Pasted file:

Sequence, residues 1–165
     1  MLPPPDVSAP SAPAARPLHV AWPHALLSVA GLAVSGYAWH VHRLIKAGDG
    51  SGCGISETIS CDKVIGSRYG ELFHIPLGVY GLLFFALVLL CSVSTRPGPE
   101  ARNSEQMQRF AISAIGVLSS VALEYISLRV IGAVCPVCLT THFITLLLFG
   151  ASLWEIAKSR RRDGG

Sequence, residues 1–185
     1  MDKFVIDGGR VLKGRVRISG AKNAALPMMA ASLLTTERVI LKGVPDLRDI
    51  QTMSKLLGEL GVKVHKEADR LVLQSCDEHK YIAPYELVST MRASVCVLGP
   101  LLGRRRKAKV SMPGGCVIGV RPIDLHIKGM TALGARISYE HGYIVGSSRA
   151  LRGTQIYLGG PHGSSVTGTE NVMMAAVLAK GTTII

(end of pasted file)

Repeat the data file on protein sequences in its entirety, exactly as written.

Sequence, residues 1–165
     1  MLPPPDVSAP SAPAARPLHV AWPHALLSVA GLAVSGYAWH VHRLIKAGDG
    51  SGCGISETIS CDKVIGSRYG ELFHIPLGVY GLLFFALVLL CSVSTRPGPE
   101  ARNSEQMQRF AISAIGVLSS VALEYISLRV IGAVCPVCLT THFITLLLFG
   151  ASLWEIAKSR RRDGG

Sequence, residues 1–185
     1  MDKFVIDGGR VLKGRVRISG AKNAALPMMA ASLLTTERVI LKGVPDLRDI
    51  QTMSKLLGEL GVKVHKEADR LVLQSCDEHK YIAPYELVST MRASVCVLGP
   101  LLGRRRKAKV SMPGGCVIGV RPIDLHIKGM TALGARISYE HGYIVGSSRA
   151  LRGTQIYLGG PHGSSVTGTE NVMMAAVLAK GTTII